World trade is expected to grow by a modest 4.7% in 2014 and at a slightly faster rate of 5.3% in 2015, the World Trade Organisation says.
Although the 2014 forecast of 4.7% is more than double the 2.1% increase of last year, it remains below the 20-year average of 5.3%. For the past two years, growth has averaged only 2.2%.
The sluggish pace of trade growth in 2013 was due to a combination of flat import demand in developed economies (0.2%) and moderate import growth in developing economies1 (4.4%).
On the export side, both developed and developing economies only managed to record small, positive increases (1.5% for developed economies, 3.3% for developing economies).
“For the last two years trade growth has been sluggish. Looking ahead, if GDP forecasts hold true, we expect a broad-based but modest upturn in 2014, and further consolidation of this growth in 2015,” WTO director-general Roberto Azevêdo says.
“It's clear that trade is going to improve as the world economy improves. But I know that just waiting for an automatic increase in trade will not be enough for WTO members.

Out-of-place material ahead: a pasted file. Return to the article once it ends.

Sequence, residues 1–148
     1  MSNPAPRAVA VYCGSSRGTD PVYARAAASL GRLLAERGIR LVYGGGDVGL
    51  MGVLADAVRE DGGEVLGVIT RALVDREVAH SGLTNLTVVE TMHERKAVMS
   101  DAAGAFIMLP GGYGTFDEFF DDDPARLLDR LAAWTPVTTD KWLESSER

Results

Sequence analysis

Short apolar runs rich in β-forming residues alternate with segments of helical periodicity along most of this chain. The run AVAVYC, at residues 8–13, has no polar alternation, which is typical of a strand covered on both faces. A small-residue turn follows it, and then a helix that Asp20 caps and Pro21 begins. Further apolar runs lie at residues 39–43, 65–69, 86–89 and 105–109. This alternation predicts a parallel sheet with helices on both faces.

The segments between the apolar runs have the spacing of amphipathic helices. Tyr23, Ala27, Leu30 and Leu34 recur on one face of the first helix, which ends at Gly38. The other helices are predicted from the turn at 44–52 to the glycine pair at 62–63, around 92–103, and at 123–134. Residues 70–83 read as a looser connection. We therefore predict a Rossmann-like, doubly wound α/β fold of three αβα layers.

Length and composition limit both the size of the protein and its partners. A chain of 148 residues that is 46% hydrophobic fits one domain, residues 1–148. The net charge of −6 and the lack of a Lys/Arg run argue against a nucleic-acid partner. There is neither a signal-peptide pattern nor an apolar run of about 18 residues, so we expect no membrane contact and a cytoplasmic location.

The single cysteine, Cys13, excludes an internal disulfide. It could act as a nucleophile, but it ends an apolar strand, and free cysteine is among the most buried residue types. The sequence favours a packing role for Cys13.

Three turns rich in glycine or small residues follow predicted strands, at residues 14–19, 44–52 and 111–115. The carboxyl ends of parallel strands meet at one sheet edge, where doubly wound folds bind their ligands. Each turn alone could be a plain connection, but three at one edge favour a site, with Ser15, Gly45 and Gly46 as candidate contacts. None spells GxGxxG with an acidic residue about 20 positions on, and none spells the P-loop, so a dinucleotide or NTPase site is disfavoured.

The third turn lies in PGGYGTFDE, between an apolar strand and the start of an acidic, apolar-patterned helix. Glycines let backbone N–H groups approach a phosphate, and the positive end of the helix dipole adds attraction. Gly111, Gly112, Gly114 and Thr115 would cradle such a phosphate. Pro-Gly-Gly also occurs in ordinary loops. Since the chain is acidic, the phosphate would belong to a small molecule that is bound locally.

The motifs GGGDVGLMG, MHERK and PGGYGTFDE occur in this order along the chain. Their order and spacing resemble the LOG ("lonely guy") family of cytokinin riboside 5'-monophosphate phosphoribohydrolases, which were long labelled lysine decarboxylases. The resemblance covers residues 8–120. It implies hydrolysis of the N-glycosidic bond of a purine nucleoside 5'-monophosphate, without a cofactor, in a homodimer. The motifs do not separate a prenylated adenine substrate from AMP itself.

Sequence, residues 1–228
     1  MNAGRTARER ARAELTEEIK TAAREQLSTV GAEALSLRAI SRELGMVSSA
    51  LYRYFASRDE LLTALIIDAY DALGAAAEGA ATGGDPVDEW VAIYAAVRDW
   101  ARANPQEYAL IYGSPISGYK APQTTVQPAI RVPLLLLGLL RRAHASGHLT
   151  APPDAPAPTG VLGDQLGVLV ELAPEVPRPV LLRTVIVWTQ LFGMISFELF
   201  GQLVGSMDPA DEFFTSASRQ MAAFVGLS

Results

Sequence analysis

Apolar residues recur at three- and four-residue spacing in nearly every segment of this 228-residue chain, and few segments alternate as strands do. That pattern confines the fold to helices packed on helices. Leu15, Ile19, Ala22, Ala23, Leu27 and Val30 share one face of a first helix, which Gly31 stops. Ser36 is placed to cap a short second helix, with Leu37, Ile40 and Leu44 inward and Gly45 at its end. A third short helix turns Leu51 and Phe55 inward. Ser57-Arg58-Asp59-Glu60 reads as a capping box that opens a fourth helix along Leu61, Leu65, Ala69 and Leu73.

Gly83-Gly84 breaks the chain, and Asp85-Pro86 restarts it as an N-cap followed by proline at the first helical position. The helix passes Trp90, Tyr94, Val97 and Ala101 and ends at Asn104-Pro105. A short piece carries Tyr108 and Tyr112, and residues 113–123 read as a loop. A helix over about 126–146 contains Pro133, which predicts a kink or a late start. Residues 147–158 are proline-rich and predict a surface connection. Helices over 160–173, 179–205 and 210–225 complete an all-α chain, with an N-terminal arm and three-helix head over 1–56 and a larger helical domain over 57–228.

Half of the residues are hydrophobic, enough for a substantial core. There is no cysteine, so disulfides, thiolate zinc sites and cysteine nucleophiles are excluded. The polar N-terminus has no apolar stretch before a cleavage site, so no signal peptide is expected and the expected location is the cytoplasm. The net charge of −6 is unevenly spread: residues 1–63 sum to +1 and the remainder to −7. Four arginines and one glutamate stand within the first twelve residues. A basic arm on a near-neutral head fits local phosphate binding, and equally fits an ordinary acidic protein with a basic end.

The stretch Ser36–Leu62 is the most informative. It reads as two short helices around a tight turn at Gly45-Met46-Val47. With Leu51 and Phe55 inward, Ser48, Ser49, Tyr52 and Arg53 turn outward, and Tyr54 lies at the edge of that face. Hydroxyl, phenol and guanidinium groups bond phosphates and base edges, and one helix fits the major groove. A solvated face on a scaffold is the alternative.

“We can actively support trade growth by updating the rules and reaching new trade agreements. The deal in Bali last December illustrates this.
“Concluding the Doha round would provide a strong foundation for trade in the future, and a powerful stimulus in today’s slow growth environment. We are currently discussing new ideas and new approaches which would help us to get the job done — and to do it quickly.”
This article is tagged with the following keywords. Find out more about MyNBR Tags
- Weldon should resign: Edwards
- Concession on fees sees ANZ first onboard for Apple Pay
- Macroeconomic roundup: China’s debt climbs to $US25 trillion
- Facebook exec on info requests from NZ govt agencies: the numbers, and the criteria for forking over your data
- Bridges is right to get out of driver’s seat
Most listened to
- Sunday Business with Andrew Patterson
- Listen to the week’s top business news on NBR Radio’s week in review
- Tim Hunter asks: Is the government planning to hand control of water to iwi?
- Matthew Hooton on Winston Peters’ plan to become prime minister
- Rodney Hide on the technological development and economic advance in transport